But despite the incredible skill of the band, this group is mostly about the vocals and songwriting of the Irish Hannigan, who started her career with Damian Rice. She has one of those powerful but effortless voices that transports her songs to a place somewhere between other-worldly and suitable for framing. This is a record for adults, and specifically those with really good taste.  

7)   Jack Penate – Everything is New (Beggars Banquest/XL)
If John Hughes were still alive and making movies about teenagers in the 80’s, there’s no doubt that Jack Penate would be a frequent soundtrack contributor. His music is pure throwback to the best British new wave music of that period: think The Cure, New Order, Stone Roses. He infuses every song with that kind of edgy optimism and bounce that much of the pop new wave movement did so well.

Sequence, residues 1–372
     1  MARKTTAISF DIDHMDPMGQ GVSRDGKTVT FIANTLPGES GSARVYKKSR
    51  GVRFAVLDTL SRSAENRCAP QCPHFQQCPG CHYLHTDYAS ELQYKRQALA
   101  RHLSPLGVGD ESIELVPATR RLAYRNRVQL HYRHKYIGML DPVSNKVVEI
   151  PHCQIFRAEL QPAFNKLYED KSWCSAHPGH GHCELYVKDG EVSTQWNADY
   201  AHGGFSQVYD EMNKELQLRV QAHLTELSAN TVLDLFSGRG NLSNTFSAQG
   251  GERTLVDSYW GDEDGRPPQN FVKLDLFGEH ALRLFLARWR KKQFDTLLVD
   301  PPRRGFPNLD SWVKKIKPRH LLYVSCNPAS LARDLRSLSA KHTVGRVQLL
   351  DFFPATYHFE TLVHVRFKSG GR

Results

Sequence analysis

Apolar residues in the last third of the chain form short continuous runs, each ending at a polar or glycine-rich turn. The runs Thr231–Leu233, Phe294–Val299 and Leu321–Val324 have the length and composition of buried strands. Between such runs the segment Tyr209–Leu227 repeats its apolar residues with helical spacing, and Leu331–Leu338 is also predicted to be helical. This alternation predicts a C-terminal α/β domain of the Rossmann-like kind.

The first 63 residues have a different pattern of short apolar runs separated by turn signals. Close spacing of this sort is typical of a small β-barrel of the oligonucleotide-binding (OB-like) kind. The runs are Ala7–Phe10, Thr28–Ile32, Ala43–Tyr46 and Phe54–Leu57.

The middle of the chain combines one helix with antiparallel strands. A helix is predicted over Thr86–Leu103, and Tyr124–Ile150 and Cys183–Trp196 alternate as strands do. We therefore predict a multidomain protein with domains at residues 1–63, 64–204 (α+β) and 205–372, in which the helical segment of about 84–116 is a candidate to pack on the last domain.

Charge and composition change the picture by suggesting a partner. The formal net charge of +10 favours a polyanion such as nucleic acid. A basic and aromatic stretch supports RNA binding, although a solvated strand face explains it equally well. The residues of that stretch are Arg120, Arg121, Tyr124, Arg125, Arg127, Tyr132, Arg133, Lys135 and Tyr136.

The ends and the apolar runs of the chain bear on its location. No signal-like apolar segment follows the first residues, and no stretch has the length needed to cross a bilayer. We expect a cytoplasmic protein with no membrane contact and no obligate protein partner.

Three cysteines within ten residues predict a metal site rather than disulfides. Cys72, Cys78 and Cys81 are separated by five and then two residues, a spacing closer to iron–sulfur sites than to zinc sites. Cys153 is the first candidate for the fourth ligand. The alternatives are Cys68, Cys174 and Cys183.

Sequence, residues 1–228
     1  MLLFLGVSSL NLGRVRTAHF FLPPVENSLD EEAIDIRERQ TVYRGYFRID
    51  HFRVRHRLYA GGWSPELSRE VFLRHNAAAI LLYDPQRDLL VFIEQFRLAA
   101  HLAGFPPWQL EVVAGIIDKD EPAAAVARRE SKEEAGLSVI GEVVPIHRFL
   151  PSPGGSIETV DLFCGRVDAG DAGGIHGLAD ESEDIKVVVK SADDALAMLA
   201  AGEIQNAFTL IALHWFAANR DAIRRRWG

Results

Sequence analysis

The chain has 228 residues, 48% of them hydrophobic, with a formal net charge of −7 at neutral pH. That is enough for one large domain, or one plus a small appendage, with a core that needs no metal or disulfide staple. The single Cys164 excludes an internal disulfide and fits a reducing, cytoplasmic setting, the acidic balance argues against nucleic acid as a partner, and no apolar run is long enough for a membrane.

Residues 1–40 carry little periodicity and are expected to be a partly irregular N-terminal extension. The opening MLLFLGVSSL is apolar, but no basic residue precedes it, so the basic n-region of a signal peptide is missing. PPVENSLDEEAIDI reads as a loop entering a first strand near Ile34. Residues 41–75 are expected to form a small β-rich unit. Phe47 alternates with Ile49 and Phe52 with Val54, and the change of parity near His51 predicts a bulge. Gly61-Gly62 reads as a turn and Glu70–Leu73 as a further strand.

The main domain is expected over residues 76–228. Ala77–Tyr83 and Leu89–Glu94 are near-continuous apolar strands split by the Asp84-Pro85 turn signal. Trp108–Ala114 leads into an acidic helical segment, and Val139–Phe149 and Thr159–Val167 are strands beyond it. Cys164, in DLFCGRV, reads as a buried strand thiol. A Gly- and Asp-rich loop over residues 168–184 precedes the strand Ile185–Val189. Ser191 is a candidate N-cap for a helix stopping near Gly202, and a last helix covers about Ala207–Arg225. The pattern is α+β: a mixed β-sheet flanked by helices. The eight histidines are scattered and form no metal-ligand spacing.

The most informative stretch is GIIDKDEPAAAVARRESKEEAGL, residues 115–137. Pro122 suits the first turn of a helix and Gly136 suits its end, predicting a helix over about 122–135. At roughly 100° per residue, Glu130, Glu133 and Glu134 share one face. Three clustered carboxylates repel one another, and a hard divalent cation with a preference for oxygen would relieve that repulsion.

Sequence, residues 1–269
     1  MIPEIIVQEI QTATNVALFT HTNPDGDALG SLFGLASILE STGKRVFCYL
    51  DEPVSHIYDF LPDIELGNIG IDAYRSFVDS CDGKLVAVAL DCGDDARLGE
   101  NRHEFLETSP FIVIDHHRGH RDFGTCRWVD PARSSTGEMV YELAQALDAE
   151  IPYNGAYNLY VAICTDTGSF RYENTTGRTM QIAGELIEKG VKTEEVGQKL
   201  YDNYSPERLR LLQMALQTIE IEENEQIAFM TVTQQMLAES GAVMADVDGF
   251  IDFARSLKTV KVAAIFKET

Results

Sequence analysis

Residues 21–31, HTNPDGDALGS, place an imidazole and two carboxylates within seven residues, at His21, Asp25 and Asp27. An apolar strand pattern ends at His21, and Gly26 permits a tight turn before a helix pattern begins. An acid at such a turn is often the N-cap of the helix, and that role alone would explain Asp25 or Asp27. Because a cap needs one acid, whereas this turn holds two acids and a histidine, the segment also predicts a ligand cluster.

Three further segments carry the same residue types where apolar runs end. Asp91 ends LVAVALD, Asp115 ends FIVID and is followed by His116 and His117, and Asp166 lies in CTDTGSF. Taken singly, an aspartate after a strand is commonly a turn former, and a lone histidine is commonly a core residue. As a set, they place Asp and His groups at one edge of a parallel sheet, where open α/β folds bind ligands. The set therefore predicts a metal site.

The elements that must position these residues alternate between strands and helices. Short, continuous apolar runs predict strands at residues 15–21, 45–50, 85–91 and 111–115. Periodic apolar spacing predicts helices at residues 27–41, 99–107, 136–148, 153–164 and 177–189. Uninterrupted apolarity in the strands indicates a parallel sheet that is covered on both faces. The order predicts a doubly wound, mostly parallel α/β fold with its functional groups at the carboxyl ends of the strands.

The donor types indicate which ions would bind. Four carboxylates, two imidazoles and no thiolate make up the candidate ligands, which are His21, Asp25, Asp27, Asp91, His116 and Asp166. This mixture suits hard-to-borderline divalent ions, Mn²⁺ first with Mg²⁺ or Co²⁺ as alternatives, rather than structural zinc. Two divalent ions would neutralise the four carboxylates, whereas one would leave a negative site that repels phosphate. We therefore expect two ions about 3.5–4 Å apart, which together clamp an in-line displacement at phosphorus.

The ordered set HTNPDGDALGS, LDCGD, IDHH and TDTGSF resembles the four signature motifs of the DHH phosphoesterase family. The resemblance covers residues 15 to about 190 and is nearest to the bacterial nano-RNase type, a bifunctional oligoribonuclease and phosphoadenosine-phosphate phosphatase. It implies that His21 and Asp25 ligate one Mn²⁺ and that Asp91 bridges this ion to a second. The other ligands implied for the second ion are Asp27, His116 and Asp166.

Not unlike the Strokes unpacking trunk loads of old vinyl from the Buzzcocks, Gang of Four, and others from that period, Penate is a truly amazing songwriter who often does a better job with this material than his original inspirations. Songs like “Be The One” and “Tonight’s Today” are every bit as addictive as “Boy’s Don’t Cry” or Pretty In Pink.” More than almost any of my favorites from this year, each of the nine songs on the aptly titled “Everything is New” is a keeper in the classic sense. It’s hard not to love this record.

8)   David Bazan – Curse Your Branches (Merge)
David Bazan has been writing songs for eons under the name of Pedro The Lion, his largely acoustic indie folk alter ego. I have always liked this music, but on “Curse Your Branches” he has created something entirely different and beautiful. I’m not sure that you could argue that there is anything revolutionary going on here, but I’m not sure that matters.